Saturday, April 30, 2011

Whew, I wasn't duped!

About six months ago, I picked up Three Cups of Tea from a local used book store. I confess to buying books by their covers; I am a sucker for the pictures, if they are interesting, I will often buy the book and that is certainly no guarantee to how good the book will be. This book lay around for a month or so and then I picked it up to read. About half way through, I quit. I don't like to quit on books, I figure I should at least finish them before making a judgment on the book. But this book bored me, it was tedious. And not convincing; somehow the main character Greg Mortenson lacked the qualities necessary to do the kind of work he was talking about. Anyone who can give up a good part of their life to such altruistic work is usually quite a disciplined person,, someone who can put others before himself. Mortenson didn't strike me that way, anything but in fact.

So I feel rather vindicated to find that he has been caught out to be a total fraud. His organization CAI serves to fund his lifestyle, and half of the schools he claimed to found don't actually exist. Plus he simply lied. Claiming to have been left alone with Mother Teresa's body after her death, when he actually has the dates two years off makes one wonder what facts you can believe.

A good article to read on this is Do We Want to Be Fooled? by Bruce Bawer.
I think Bawer asks the important question of why do we get deceived by people like Mortenson. In this culture that deifies celebrities, we should ask ourselves why we get taken in?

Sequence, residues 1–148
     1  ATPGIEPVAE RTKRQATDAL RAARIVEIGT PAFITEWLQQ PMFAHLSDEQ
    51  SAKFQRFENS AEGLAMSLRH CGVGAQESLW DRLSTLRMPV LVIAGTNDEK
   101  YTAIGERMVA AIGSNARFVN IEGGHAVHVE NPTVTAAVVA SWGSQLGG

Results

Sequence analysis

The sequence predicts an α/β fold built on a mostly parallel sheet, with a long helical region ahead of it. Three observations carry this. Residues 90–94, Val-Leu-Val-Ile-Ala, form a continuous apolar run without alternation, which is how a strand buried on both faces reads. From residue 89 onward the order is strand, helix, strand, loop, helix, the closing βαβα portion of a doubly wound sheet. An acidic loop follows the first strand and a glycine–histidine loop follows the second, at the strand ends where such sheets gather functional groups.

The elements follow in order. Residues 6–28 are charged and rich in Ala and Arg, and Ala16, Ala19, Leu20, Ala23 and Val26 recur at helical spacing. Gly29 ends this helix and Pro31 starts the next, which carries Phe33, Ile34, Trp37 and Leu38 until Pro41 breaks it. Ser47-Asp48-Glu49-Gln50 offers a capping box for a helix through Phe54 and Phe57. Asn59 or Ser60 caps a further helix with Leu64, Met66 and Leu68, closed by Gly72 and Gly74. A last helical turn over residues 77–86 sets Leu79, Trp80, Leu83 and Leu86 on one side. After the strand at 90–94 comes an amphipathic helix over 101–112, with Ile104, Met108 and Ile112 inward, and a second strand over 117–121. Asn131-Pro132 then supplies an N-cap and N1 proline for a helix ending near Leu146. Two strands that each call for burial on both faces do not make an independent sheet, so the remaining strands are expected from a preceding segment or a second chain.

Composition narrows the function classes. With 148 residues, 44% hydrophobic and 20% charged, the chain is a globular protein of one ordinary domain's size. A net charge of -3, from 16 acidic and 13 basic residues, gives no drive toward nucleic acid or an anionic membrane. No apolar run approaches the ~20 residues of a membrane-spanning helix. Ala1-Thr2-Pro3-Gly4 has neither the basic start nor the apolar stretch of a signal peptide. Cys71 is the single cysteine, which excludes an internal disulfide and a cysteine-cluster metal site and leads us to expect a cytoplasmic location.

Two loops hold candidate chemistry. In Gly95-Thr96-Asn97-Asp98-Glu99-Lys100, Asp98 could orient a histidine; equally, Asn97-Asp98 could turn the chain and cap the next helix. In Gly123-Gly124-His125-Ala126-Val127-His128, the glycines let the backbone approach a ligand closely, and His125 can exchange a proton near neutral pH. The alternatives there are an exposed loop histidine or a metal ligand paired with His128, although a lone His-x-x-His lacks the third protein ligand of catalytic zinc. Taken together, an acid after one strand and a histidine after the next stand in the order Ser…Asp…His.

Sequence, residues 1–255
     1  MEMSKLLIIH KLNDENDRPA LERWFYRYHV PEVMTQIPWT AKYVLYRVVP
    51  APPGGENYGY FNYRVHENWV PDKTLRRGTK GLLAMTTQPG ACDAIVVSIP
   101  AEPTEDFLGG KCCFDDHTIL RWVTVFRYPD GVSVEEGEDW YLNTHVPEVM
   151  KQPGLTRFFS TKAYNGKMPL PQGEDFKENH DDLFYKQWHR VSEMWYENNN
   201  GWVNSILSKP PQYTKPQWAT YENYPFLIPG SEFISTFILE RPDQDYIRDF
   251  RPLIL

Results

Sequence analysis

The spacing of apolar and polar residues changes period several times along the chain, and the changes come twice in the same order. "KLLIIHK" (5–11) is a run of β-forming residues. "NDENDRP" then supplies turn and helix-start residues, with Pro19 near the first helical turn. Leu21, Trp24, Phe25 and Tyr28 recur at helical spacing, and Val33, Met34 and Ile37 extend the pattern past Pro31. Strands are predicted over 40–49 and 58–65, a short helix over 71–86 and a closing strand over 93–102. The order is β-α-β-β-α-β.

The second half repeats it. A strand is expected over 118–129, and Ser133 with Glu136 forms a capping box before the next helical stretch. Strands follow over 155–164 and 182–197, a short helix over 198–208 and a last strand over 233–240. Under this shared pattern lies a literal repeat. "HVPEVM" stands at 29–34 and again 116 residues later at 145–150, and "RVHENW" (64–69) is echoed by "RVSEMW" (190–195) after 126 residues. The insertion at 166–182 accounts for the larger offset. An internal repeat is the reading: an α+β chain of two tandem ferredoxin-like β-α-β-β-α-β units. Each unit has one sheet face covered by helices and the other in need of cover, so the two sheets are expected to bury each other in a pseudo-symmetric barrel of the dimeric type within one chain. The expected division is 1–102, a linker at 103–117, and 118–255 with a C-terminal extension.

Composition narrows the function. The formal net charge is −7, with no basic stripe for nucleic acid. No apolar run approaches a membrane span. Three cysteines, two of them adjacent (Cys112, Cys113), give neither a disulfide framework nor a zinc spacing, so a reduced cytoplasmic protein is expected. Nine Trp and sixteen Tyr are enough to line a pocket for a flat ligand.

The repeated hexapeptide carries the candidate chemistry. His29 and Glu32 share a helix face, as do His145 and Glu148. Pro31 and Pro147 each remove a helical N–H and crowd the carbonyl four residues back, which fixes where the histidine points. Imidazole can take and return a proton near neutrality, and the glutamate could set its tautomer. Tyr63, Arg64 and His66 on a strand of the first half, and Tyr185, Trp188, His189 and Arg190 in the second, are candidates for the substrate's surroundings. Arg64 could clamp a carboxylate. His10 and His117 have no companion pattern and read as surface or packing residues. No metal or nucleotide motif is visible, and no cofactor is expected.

In recent days many commentators have lamented that it is dismaying to know that Mortenson’s a phony. No, what’s dismaying is that so many people were taken in in the first place. What’s dismaying is that so many people don’t seem to recognize a huckster, a con artist, a flimflam man when they see one — and, by the same token, don’t seem to recognize authentic virtue, selflessness, and humility either. Have we become so coarsened by celebrity culture, so accustomed to slick showbiz packaging and self-promotion, so habituated to feeding the ravenous narcissism of the famous, that we’re no longer capable of detecting what Big Daddy in Cat on a Hot Tin Roof called “a powerful and obnoxious odor of mendacity”? Hemingway said that the one thing a writer needed most of all was a foolproof “bullshit detector”; are twenty-first-century Americans’ bullshit detectors hopelessly out of whack? Have the glossy, streamlined, highly polished and tidily ordered versions of human reality served up on all too many “reality” programs and Oprah-type talk shows destroyed our very ability to separate the genuine from the bogus, the real article from the counterfeit, and even caused us to turn our noses at the imperfect, unprocessed, clunky, smudged, and pockmarked real thing? Do we want to be fooled?

Some might suggest that the elevation to the presidency of Barack Obama, an empty sales pitch in a snappy suit, answered these questions definitively. Others might point to cases like that of Al Gore, who despite his Mortenson-like fondness for private jets and his humongous carbon footprint (he’s used “more than twice the electricity in one month than an average American family uses in an entire year”) is still somehow getting away with his absurd environmental-hero act. One thing that has particularly stunned me in the wake of the Kroft and Krakauer revelations is the readiness of many of Mortenson’s longtime fans to react with a “Yes, but….” Yes, they say, Mortenson may have lied, cheated, stolen, leveled false accusations, and so forth — but he’s also done some good. Right — and Mussolini made the trains run on time. One can only hope that the shock of so many of these fans over the exposure of Dr. Greg’s perfidies will in time translate, in at least some cases, into a somewhat diminished credulity, a hesitation to embrace personal narratives that seem just too good to be true, and an increased willingness to approach every truth claim in a spirit of (dare one say it?) critical judgment. Admittedly, it’s a slim hope — but then Easter is the season of hope, isn’t it?

Read the entire article here

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